By MCPHILIPS NWACHUKWU
Penultimate week in Lagos,and precisely at popular event centre, Terra Kulture, Harmattan Haze on African Spring, a book of critical essays written by renowned intellectual and Nobel laureate , Professor Wole Soyinka was presented to the public.
The presentation tied to the theme, Conversation with Wole Soyinka attracted the presence of foremost scholars and public affairs analysts including, Prof. Pat Utomi, Dr Oby Ezekwesili, Odia Ofeimun,Dr Kaniolu Ajayi, Tony Elemelu and Dr Yemi Ogunbiyi.
Essentially, the book offers a new reading and rendering of the continent, the choices made or not made, the road taken or not taken and new visions for the future. And at the presentation on Tuesday at Terra Kulture, Victoria Island, Lagos, Soyinka in company of some leading intellectuals from divergent fields of business, political economy, education, the arts, public service and journalism, sat down to examine a contentious continent lying prostrate and stagnant in the sun, seemingly refusing to yield to every entreaty to stand up and stride along like the others.
Billed as a conversation, the occasion provided a very engaging platform for a robust debate on the content of the book and the State of Africa.
The role of the interrogators of the book comprising of the quality attendees was to examine the book in the light of Africa’s poor development index and respond to some of the issues Soyinka raised concerning the continent’s retarded growth in spite of its huge material and human resources.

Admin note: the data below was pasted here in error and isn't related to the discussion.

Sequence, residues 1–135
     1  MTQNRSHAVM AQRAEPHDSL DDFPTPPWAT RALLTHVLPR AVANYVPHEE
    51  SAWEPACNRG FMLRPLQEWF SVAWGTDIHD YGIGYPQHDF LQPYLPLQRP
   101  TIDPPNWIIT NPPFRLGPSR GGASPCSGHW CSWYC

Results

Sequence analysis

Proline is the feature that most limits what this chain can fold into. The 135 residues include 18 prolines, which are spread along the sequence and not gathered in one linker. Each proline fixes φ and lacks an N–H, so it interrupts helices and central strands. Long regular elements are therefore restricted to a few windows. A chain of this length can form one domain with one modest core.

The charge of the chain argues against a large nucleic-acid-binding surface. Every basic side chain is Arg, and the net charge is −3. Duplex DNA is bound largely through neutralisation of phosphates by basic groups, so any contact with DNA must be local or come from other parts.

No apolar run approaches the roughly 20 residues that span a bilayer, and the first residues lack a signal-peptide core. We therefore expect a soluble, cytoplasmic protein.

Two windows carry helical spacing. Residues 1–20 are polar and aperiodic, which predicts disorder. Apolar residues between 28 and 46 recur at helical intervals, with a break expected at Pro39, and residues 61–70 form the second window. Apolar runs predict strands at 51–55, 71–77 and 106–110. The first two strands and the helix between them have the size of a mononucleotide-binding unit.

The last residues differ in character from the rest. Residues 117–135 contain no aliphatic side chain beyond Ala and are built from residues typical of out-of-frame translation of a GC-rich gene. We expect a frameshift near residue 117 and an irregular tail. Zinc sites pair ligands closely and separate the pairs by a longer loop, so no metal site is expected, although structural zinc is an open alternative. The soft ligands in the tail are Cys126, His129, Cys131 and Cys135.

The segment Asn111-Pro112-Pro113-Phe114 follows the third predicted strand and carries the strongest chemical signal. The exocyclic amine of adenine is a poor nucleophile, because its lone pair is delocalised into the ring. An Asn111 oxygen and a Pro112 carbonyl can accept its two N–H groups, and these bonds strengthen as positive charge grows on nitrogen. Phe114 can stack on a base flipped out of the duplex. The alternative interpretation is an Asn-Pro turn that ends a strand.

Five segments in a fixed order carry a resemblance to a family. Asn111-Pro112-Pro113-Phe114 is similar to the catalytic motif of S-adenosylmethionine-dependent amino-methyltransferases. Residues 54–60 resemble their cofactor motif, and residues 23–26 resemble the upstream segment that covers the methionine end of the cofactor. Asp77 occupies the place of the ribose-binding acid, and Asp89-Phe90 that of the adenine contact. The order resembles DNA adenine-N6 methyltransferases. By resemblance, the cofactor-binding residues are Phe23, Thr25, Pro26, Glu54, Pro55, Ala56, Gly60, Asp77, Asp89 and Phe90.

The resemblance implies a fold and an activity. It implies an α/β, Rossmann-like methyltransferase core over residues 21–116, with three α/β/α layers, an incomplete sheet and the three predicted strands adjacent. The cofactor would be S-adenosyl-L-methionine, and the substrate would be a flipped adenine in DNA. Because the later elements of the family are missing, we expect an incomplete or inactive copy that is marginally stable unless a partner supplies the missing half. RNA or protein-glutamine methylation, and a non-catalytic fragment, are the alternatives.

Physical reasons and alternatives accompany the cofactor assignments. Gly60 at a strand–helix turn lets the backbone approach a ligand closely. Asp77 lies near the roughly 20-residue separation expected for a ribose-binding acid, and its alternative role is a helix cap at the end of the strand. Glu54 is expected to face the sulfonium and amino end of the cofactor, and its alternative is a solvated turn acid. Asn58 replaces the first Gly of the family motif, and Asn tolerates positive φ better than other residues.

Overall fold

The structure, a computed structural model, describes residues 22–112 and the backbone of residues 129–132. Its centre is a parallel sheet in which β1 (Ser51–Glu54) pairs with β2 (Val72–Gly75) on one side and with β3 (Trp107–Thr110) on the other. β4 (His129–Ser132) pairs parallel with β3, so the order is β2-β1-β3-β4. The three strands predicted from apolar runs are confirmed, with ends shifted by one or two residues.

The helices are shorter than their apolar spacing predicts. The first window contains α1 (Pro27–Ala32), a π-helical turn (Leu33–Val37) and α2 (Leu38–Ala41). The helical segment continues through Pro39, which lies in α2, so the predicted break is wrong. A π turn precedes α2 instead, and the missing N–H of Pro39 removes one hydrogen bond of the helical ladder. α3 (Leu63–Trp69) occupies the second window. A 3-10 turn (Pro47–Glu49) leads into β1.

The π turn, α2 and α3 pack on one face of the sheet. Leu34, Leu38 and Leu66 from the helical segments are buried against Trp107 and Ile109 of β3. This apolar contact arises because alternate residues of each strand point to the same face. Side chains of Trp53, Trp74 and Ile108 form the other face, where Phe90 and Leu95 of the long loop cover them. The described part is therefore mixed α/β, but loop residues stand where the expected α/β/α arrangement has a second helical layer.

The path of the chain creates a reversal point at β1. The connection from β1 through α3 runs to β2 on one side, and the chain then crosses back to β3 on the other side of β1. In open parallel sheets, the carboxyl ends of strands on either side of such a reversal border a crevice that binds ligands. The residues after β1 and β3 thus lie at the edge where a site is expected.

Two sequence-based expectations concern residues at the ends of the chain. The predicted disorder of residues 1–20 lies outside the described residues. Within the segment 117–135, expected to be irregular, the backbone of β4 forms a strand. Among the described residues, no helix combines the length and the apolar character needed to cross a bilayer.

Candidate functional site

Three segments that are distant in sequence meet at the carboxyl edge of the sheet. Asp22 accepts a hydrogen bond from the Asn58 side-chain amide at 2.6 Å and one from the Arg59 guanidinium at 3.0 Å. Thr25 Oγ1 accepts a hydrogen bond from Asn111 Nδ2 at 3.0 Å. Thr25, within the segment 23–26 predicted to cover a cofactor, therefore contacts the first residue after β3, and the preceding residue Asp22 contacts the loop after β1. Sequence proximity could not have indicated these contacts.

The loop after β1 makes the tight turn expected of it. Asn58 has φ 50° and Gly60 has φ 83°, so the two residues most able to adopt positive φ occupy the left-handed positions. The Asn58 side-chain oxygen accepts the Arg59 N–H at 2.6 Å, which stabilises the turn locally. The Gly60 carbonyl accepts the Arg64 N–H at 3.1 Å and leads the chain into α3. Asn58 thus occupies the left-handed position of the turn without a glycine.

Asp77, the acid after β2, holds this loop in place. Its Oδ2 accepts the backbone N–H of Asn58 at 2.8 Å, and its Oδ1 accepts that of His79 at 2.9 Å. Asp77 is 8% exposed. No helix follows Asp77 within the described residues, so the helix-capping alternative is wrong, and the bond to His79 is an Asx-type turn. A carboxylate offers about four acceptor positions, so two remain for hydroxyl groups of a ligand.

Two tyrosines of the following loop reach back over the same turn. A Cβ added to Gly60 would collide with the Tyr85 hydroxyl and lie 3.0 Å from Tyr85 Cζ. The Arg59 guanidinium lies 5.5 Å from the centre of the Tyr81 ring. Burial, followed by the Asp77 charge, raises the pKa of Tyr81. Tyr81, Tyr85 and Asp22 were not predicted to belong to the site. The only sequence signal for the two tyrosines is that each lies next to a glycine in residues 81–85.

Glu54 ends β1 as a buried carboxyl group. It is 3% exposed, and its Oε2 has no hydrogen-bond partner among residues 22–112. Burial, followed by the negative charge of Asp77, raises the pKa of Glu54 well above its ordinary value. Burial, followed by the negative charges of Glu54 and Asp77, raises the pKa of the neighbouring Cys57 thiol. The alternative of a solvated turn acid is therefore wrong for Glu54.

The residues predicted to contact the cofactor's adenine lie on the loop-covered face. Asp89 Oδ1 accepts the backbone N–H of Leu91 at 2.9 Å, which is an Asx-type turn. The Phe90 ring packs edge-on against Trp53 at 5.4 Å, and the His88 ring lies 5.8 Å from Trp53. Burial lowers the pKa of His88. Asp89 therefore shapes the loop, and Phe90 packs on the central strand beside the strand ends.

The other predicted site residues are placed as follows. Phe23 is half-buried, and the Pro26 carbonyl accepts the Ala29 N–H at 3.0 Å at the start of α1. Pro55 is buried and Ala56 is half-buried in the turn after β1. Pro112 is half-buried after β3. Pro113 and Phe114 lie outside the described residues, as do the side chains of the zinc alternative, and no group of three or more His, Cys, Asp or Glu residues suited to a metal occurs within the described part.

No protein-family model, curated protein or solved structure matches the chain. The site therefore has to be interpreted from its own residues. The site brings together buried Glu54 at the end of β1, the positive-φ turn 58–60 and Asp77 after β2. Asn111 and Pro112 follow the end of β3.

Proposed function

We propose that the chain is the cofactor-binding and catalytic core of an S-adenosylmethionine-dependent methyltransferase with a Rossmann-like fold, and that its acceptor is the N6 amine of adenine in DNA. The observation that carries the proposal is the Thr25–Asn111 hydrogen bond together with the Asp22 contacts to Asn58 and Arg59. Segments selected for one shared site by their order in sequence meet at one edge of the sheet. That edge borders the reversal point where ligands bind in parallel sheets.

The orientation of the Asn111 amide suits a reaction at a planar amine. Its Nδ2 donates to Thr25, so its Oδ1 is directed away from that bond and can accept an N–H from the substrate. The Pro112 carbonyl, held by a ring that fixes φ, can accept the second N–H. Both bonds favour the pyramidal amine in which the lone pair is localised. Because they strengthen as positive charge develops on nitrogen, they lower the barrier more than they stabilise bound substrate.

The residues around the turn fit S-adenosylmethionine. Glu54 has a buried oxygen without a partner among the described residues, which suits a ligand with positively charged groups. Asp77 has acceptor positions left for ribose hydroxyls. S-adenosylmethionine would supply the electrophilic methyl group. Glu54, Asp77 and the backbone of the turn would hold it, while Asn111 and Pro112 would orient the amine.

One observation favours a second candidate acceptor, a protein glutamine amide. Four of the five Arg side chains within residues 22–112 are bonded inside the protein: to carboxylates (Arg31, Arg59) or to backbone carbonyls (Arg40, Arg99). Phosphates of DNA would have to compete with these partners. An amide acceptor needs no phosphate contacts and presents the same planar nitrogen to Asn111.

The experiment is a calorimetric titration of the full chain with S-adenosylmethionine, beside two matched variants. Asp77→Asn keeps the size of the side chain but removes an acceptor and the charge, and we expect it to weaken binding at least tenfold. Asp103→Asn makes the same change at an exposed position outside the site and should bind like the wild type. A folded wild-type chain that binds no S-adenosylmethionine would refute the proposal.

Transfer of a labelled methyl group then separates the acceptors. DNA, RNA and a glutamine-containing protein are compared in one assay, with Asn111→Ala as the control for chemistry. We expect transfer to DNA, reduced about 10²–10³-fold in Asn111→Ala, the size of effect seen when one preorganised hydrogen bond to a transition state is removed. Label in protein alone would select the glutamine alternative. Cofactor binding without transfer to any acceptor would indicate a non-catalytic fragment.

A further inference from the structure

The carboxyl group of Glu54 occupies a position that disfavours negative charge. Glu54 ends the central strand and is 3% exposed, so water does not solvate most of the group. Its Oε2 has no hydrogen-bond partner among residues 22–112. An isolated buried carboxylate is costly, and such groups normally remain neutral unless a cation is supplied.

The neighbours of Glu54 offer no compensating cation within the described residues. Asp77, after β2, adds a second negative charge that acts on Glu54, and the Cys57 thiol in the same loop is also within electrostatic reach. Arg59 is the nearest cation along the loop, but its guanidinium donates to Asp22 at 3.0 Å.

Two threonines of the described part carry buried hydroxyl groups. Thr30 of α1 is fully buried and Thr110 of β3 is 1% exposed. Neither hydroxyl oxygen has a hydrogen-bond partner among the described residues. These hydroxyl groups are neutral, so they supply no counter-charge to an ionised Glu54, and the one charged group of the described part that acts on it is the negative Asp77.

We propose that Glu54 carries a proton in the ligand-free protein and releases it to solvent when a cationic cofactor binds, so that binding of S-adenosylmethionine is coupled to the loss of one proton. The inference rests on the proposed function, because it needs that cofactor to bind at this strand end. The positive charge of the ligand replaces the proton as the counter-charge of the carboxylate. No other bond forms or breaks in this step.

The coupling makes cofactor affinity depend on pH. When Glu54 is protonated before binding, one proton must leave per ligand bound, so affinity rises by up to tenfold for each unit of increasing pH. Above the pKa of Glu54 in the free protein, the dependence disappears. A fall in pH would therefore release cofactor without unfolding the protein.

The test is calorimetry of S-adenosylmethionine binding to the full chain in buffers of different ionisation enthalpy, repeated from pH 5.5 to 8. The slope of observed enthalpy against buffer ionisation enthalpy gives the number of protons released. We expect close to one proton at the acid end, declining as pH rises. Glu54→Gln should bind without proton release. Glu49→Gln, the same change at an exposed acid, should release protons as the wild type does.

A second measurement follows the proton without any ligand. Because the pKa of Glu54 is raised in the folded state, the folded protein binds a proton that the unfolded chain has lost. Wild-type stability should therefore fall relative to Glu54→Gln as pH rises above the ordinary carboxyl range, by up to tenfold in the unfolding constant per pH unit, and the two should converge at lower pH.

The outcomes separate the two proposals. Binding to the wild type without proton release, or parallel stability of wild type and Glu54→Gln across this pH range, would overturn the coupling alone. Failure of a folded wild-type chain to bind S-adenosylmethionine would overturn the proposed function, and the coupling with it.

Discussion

Soyinka’s latest work among other issues, also examines Africa’s spirituality by holding it up as a fresh ground yet to be explored and exploited to solving Africa’s many intractable problems, especially religious conflicts that afflict the peace of many countries in the continent.
For the iconic literary artist, “Africa’s unexplored geographical resources are capable of propelling society forward, but a total, atavistic, retrogression has overtaken us, with the path not taken has continued to plague us to this day”. He said the Japanese and Chinese, “By hanging onto their traditional beliefs, clinging to their traditional core, and refusing to be alienated from their philosophies and ways of life, have managed to bring about development. Cling to what was indigenous to their societies is what has transformed their societies”.
Prof. Soyinka wondered how people from the miserable, frozen wasteland called Britain managed to hold vast kingdoms all over the world and render them ungovernable several years after they left and planted surrogate nation-states, like Nigeria, India, with her vast architectural grandeur as seen in the Tajmahal!
He expressed his abiding faith in the ability of Nigerians to accomplish great things that are capable of causing phenomenal transformation, as evidences of the people’s immense abilities, which abound all over the world, but that such need to be harnessed — and that’s the only missing ingredient.